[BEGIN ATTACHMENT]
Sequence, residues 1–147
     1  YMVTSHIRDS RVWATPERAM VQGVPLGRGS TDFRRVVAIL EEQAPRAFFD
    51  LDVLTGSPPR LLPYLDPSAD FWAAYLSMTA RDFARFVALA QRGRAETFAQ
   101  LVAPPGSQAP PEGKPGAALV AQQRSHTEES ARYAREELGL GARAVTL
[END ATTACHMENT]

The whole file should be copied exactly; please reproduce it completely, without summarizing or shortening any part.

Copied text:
Sequence, residues 1–147
     1  YMVTSHIRDS RVWATPERAM VQGVPLGRGS TDFRRVVAIL EEQAPRAFFD
    51  LDVLTGSPPR LLPYLDPSAD FWAAYLSMTA RDFARFVALA QRGRAETFAQ
   101  LVAPPGSQAP PEGKPGAALV AQQRSHTEES ARYAREELGL GARAVTL